I entered Renfrew because my binge eating felt out of my control. So I pictured my treatment plan as focusing on stress-relief techniques other than bingeing ("take a walk!" "call a friend!") and, I don't know, drawing some sort of picture of my body that would then give me a Big Happy Magic Moment when I realize that my body is just fine. The nutrition part I figured would be a snap--my meals are complete and healthy; the problem comes after 10 p.m. on nights when I'm alone.
What I didn't expect was that not only would I be put on a meal plan, but that it would be SO MUCH FUCKING FOOD. When my nutritionist began asking me about my meals, I interrupted her: "I know you haven't seen my chart [my nutritionist was switched at the last minute] so you don't know this, but mealtime isn't my problem; it's bingeing." She asked me to articulate my meals anyway, which I did, expecting gold stars for my daytime eating: six ounces nonfat yogurt with berries and two tablespoons muesli for breakfast; spinach salad with bell pepper and chicken or beans for lunch; five prunes and eleven almonds for a snack; dinner, depends. (Yes, I know that eating the same thing pretty much every day is also a sign of disordered eating. What can I say--that works for me.)
"How many calories do you think you're taking in on a given day?" she asked.
"Probably 1,600 to 2,200, depending on my dinner."
"You're not taking in anywhere near that amount." I felt--proud, tight in my solar plexus, scared. Then she began saying what I should be eating, how I can make my meals more complete: Add half a cup of muesli instead of two tablespoons. Have bread with lunch. Have a cup of rice with dinner instead of "a bit." These are all things I've purposely cut down on in order to either lose or maintain weight. The thought of having bread with lunch--not because I'm at a restaurant and the bread basket is good, not because it's homemade, not because I'm choosing a sandwich over a salad, but because bread is a part of a normal meal--fills me with panic. I thought panic would be reserved for the mythical anorexic 12-year-old I had in my mind; I'm a big girl (heh heh), I can have a goddamned piece of bread without freaking out. This is a part of my recovery; I'm signing up for this.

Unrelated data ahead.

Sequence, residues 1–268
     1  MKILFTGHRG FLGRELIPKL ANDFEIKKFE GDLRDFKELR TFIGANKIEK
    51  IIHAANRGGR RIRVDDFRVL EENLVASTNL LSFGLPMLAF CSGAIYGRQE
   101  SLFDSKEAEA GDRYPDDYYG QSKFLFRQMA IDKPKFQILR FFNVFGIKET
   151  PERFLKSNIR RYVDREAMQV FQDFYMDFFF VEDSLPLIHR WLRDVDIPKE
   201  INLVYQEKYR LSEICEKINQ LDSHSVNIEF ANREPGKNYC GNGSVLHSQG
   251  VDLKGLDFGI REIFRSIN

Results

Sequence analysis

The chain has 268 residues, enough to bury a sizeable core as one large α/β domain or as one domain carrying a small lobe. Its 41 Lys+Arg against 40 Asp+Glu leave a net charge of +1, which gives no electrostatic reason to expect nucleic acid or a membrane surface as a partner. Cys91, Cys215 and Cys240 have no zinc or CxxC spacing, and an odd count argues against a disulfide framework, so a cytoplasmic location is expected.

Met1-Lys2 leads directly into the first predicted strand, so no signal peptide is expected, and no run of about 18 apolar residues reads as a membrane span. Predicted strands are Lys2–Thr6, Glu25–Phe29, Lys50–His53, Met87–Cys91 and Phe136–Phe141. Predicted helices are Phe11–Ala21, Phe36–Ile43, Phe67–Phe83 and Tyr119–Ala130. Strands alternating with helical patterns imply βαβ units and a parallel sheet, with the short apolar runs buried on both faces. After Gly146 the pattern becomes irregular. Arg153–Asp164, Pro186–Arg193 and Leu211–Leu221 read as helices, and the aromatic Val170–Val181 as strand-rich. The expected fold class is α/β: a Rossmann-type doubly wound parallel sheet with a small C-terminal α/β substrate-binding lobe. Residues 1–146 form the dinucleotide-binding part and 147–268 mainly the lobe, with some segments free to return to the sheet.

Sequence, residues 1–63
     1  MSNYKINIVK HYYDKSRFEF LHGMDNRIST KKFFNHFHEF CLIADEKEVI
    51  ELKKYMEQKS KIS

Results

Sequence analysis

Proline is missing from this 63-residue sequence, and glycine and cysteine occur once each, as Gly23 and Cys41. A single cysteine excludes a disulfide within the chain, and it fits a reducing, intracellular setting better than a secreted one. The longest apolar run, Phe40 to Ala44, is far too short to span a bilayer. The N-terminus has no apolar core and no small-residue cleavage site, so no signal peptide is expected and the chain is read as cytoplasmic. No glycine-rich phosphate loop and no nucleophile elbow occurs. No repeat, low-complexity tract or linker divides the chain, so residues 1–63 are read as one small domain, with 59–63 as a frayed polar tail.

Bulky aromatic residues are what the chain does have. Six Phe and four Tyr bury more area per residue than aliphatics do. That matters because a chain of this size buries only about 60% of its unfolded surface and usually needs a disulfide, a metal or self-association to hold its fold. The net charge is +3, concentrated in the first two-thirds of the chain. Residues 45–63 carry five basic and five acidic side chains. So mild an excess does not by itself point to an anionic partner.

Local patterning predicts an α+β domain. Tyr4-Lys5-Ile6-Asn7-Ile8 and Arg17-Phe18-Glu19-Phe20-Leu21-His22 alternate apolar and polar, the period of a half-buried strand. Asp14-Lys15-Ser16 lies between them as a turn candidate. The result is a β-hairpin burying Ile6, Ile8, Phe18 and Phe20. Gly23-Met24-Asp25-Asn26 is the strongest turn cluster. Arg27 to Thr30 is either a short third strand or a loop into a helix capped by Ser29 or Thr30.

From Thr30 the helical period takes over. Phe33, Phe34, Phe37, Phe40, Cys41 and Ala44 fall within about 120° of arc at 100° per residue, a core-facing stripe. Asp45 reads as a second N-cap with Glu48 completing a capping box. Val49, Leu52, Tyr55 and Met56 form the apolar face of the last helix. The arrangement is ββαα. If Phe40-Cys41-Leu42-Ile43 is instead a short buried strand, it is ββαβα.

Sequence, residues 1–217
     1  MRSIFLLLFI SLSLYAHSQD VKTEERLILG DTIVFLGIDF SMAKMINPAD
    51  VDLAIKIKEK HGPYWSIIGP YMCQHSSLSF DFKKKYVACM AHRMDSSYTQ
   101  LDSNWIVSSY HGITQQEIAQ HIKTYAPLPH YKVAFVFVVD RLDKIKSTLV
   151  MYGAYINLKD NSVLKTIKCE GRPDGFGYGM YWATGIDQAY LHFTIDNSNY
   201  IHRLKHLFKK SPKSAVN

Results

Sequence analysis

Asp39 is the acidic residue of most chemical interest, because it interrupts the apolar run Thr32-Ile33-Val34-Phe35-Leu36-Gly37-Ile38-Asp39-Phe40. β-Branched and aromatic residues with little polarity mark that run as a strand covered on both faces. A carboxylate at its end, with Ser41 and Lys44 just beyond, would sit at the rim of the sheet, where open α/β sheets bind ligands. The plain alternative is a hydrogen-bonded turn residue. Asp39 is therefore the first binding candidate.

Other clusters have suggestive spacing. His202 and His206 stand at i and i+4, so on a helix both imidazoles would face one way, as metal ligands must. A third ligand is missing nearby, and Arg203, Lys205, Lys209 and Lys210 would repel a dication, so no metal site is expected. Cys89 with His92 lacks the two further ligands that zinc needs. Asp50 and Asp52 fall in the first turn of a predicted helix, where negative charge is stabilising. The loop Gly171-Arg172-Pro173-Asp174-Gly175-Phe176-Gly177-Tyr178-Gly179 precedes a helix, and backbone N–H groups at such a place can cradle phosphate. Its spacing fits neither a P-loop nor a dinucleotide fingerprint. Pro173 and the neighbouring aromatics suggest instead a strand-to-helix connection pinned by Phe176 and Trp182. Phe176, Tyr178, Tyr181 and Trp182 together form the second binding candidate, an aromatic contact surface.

But I had underestimated how strong the power of restriction had become for me--how easily I'd made it a part of what I considered "normal" eating. I didn't think I'd done any restricting for years--but then, my definition of "restricting" was "not eating," not "not eating enough." I had been so focused on the enormous volume of food I had been consuming that I hadn't looked at what I hadn't been consuming.
I looked at the sheet of meal plan guidelines, looking at how I could update my breakfast. A half-cup of muesli is a lot; I could instead have...three tablespoons wheat germ? I pictured three tablespoons, saw the fullness, the richness of wheat germ--a health richness, a nutrient-filled richness, a richness I had forbidden myself more than a tablespoon of, ever, without really thinking about why.